Pamela Erens is the author of the forthcoming Matasha (Ig, 2021), and George Eliot’s Middlemarch: Bookmarked (Ig, 2022). Her most recent books are Eleven Hours (Tin House, 2016), The Virgins (Tin House, 2013), and The Understory (Ironweed, 2007). She has been a finalist for the John Gardner Fiction Book Award, the Los Angeles Times Book Prize, and the William Saroyan International Prize for Writing.
The first poem in Leonard Cohen’s posthumous book The Flame made me laugh. Not because the lyrics are especially funny (although there are touches of Cohen’s characteristic wry humor), and not because the poem is foolish (it’s quite good), but because it is practically a medley of every single theme and obsession Cohen took up over his sixty-year career. Holiness and pussies are just a start. One almost senses him (knowingly, always knowingly) ticking off boxes. Angels and devils: check. Art, sartorial elegance, and slaves: check, check, check. Messianism: check:
This time, as the contraction mounts, Lore does not cry out, but her face is tense and grim. In fighting back her cries of fear she is fighting her body, too, and the nurse, Franckline, can feel the inner muscles clenching against the descending head, rendering the long moment of suffering unproductive.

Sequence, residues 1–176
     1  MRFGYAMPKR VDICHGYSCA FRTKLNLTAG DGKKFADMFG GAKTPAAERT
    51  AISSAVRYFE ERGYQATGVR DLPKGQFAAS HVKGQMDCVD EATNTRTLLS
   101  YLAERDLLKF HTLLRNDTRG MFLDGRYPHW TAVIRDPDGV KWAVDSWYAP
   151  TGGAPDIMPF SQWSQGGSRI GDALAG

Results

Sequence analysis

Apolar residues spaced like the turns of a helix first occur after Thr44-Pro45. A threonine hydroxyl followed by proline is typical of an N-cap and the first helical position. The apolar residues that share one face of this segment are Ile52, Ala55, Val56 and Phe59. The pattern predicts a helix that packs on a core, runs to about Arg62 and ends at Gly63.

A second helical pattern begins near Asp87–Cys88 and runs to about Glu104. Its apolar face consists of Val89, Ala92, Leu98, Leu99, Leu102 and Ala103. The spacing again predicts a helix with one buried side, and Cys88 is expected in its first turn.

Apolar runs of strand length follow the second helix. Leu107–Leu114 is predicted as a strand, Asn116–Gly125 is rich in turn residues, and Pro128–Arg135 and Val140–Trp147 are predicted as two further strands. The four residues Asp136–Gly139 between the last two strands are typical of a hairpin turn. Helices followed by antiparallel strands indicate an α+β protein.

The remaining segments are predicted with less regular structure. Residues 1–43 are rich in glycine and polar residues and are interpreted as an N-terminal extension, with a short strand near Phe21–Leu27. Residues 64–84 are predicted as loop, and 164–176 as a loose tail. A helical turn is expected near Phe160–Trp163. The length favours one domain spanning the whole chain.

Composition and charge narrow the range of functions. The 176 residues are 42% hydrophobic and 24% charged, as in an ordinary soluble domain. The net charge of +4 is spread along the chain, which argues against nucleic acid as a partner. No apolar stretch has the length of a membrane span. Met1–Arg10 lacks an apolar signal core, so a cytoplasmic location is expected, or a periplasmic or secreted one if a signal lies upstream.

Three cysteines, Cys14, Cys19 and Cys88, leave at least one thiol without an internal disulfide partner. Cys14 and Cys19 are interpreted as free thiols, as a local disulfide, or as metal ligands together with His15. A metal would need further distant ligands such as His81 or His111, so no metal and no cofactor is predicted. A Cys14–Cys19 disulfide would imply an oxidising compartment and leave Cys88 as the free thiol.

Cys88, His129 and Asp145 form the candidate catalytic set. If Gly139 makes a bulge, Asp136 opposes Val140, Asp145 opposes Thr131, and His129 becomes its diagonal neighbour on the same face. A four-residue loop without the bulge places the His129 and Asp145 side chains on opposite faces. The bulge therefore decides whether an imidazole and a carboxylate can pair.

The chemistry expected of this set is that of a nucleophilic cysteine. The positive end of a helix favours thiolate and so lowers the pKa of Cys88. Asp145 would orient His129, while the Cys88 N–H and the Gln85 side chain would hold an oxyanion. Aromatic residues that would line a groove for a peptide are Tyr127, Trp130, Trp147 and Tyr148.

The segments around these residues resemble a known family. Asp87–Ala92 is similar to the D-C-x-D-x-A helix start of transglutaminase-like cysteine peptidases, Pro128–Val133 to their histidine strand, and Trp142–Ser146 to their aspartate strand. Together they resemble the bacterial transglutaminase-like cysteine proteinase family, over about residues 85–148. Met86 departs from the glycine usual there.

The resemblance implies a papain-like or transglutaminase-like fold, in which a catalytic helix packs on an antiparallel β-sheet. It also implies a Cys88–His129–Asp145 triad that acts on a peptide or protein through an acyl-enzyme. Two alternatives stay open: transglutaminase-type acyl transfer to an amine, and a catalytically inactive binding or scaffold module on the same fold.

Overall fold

All of this is surprisingly interesting, even addictive, as has often been pointed out in reviews. But no one can pinpoint precisely why. A striking element in the praise of Knausgaard—and he has garnered almost uniform praise in the English-speaking press—is the recourse to vocabulary not normally considered complimentary. “Boring” comes up an enormous amount.
Yet even when my disorder was at its worst, there were pleasures I can still recall. I considered it “okay” to eat when I was genuinely hungry. I don’t know if this was permission I’d received from Fat Is a Feminist Issue, a book I turned to which argued that compulsive eaters needed to reteach themselves to recognize their bodies’ hunger and saturation signals, or if I made allowances for this sanity all by myself.